The test should be conducted with the switch in both the open position (plunger extended) and the closed position (plunger depressed). You can use tape to hold the plunger in while you conduct the second test. Set the meter to the most sensitive resistance ohm (Ω) scale, turn off the furnace power switch or the circuit breaker controlling the furnace and remove the connectors from the switch terminals. Touch the meter leads to the door switch terminals.


When the plunger is depressed, the meter should read zero resistance (or close to it), and when the plunger is extended, the meter should read "OL" (which stands for open line, or infinite resistance). If the switch is causing the furnace to shut down, you'll get an "OL" reading when the plunger is depressed. If you get a zero reading when the switch is extended, that's just as bad because it means the switch isn't giving the protection it's supposed to give. Either way, it needs to be replaced.


Where to Get a New Switch

No matter the model of gas furnace or central air system for which it's made, a door safety switch works in the same way, and different switches vary primarily in their size and shape. Your furnace manufacturer may make a one-size-fits-all switch for all of its furnace models, and you may even find a universal switch that fits your furnace, but chances are you'll need to get a specific switch that fits only your furnace.


Switches are readily available online at, and multiple other outlets. Your search will be easier if you enter the furnace make and model. If a third-party supplier doesn't stock it, you should be able to get it directly from the furnace manufacturer. You can also take your old switch to a building supply center and look for one that is the same size and shape.


How to Replace a Furnace Door Safety Switch

Step 1: Turn Off the Power to the Furnace

Flip off the power switch for the furnace (usually a light-type switch located in a box on or near the furnace) or if there isn't one, turn off the breaker in the main panel (breaker box) that controls the furnace. You don't need to turn off the gas for this procedure.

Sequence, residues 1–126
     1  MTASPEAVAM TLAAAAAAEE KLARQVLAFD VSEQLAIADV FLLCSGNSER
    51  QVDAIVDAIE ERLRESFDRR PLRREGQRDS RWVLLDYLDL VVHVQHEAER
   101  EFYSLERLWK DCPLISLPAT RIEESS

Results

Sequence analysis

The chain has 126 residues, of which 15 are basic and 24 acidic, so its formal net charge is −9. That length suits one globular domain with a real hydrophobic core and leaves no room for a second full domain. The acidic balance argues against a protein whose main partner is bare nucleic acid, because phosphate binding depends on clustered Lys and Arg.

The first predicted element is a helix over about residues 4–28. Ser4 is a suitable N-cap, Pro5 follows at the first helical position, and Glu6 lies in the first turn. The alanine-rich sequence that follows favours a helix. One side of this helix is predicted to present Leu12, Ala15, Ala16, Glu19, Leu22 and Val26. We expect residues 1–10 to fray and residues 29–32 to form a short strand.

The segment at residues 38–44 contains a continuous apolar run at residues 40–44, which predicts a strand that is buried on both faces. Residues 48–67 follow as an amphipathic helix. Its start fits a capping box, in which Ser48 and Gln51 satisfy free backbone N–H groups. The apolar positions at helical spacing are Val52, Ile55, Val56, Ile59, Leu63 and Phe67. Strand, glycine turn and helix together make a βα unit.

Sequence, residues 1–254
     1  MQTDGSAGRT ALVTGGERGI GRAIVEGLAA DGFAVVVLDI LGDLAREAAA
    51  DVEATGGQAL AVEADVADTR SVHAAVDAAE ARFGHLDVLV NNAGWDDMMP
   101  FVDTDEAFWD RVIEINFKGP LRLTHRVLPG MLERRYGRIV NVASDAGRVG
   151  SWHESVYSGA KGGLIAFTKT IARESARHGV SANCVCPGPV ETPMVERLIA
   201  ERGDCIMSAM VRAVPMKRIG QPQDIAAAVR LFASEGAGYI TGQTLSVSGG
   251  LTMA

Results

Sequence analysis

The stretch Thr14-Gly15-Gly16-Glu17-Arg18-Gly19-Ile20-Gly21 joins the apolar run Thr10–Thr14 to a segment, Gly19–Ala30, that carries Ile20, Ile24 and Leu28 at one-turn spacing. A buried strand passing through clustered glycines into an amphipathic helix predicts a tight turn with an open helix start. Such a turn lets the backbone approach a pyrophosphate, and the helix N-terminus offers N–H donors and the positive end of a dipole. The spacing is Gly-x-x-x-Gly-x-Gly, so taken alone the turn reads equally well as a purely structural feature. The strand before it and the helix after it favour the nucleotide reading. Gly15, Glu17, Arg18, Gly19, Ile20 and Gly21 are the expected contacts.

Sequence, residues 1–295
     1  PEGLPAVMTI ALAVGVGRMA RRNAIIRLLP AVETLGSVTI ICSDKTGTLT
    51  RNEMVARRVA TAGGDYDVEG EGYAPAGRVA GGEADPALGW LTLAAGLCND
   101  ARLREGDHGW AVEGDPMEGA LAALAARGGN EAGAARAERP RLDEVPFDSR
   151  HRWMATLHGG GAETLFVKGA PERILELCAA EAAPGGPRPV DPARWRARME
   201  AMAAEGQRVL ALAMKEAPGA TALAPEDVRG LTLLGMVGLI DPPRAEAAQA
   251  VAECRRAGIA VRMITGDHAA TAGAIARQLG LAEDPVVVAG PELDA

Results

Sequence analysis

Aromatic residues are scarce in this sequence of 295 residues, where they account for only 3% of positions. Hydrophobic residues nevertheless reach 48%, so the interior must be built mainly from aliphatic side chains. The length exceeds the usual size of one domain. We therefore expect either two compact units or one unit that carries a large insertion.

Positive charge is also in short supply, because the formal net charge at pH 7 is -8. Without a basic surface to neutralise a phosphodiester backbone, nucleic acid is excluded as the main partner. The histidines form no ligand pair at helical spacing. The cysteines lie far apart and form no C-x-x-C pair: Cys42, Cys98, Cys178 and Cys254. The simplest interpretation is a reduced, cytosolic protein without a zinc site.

Step 2: Remove the Furnace Cover

You may have to remove some screws to get the cover off, but most covers have plastic knobs that you can turn by hand, and some have no fasteners at all; they are held on by internal tabs. Remove the screws or turn the knobs and then grasp the cover and lift it up and away from the furnace. If the cover has no visible fasteners, it should unhook from the internal tabs when you lift it.

Step 3: Disconnect the Switch Electrical Connectors

Most switches have spade connectors, so give each connector a good pull, and it will come off. It's a good idea to note which connector goes on which terminal before you remove the connectors, but if you forget, don't worry. Because it's a switch, the wires are interchangeable, and they will probably be oriented in the wire bundle to make it obvious which one goes where.

Step 4: Remove the Switch

Grasp the top and bottom of the switch body inside the door and squeeze to depress the tabs. Then, pull the switch through the opening in the frame.

Step 5: Install the New Switch

Slip the body of the brand new switch through the hole in the frame and push. You'll feel a click as the tabs engage, and the switch is fully seated.

Step 6: Reconnect the Switch Wires

Push the spade connectors onto the wire terminals.

Step 7: Test the Switch

Push in the switch plunger and tape it to hold it. Turn on the power and turn up the thermostat to call for heat and verify that the blower starts. When it does, remove the tape to let the plunger out and verify that the blower switches off.

Step 8: Replace the Cover

Put the cover back on the furnace by reversing the procedure you used to take it off.